Can We Do Anything About Sexual Crimes in the Metaverse?

Junmo Yoon

Associate Editor

Loyola University Chicago School of Law, JD 2024

* Content warning: This piece contains references to sexual assault and harassment.

In an article entitled Reality or Fiction, Nina Jane Patel shared her experience with sexual harassment in the Metaverse. She repeatedly asked fellow users to stop and tried to move away, but they followed her, continuing their verbal assault and sexual advances. In part, she writes, “they touched and groped while they took selfies. They were laughing, they were aggressive, and relentless. I froze. It was a nightmare.” As she tried to escape the situation, she could still hear them – “don’t pretend you didn’t love it, this is why you came here.” After the assault, she couldn’t report it to the police, and no suit was filed against the group of four men.

This is because the assault happened in the Metaverse. All Ms. Patel had to do was take off her Oculus headset. All she could do was take off the VR headset.

Not just another game

In simple terms, the Metaverse, launched in October of 2021, three-dimensionalizes the online space. Users are connected and immersed into the world inside the screen, using augmented reality (AR) or virtual reality (VR) gears, interacting with the massive network in the virtual domain as one would with the real world. The reach and use of the Metaverse is far-reaching and much of it, definitionally, is yet to be defined. While the evolution continues, a few fundamental features include the AR and VR technology to simulate the real world and the digital avatars that represent human users.

However, the Metaverse is not just another game. Unquestionably, the creators intended to mimic and mirror the real and physical world. Users can hang out with friends, attend meetings and conferences, go to live music events, and even buy land and NFT artworks in their bedrooms.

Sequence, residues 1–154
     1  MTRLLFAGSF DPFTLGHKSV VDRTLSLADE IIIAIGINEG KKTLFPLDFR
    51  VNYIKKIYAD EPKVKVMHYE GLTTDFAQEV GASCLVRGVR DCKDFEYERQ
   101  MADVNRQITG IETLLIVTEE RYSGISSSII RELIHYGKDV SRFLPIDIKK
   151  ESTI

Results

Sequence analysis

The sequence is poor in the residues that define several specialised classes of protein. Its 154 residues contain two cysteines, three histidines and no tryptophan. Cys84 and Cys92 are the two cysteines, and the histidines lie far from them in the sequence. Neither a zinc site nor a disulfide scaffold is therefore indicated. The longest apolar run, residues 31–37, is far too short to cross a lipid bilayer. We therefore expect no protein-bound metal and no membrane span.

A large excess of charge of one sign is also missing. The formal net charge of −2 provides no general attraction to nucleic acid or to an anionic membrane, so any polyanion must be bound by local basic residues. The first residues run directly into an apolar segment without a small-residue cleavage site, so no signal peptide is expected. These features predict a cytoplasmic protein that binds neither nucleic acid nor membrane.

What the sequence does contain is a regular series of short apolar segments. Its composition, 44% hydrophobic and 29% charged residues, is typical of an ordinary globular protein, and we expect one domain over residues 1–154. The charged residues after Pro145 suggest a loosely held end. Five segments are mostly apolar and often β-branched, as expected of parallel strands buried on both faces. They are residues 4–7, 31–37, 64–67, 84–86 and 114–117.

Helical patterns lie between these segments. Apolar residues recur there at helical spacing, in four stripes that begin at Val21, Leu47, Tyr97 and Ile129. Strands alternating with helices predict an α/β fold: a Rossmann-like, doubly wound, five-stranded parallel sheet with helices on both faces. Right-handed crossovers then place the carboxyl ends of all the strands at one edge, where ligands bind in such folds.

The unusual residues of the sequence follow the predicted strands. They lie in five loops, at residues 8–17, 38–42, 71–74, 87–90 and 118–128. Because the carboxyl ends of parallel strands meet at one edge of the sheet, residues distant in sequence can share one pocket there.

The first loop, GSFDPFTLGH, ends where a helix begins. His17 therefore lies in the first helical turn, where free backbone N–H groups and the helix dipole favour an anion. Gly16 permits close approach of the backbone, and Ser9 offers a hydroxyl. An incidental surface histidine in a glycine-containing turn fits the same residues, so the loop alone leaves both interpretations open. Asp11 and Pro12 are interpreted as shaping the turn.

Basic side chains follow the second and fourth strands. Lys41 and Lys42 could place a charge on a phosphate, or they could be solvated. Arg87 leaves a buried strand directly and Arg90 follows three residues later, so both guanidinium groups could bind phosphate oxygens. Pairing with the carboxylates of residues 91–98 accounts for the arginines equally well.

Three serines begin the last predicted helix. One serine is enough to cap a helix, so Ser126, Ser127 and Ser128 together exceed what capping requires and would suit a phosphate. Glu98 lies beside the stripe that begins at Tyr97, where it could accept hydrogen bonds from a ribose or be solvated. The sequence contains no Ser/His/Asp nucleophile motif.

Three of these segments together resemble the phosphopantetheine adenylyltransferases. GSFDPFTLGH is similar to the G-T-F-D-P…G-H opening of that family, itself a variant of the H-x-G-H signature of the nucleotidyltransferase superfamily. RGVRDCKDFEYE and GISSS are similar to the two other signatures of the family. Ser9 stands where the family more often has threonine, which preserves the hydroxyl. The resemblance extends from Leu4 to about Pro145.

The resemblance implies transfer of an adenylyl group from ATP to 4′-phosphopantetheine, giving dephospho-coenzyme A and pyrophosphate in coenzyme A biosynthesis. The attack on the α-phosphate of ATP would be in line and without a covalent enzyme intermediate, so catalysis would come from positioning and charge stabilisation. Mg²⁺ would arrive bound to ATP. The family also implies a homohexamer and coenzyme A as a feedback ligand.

It is common to stumble upon video clips of people with AR/VR gears screaming in an empty room or tripping over air. The users obviously know that what they are seeing is a simulated universe with fake zombies and fake cliffs. Even in its early stages, the current immersive features and haptic technologies of AR/VR devices make it possible to trick the brain and senses into believing that the experience is very much real.

Boundaries blurred

Nina Jane Patel, as part of her research, had created a profile in the Metaverse in December of 2021. Within 60 seconds of joining, she was verbally and sexually harassed by three to four men. When her female avatar was touched in the game, she felt her handheld controllers vibrate. The panoramic view, audio, and the touch simulation provided by VR headsets and handheld controls create a multisensory experience, blurring the separation between the virtual and the physical. The immersive element and haptic feature meant to enhance user experience made the experience more daunting and traumatizing for Ms. Patel.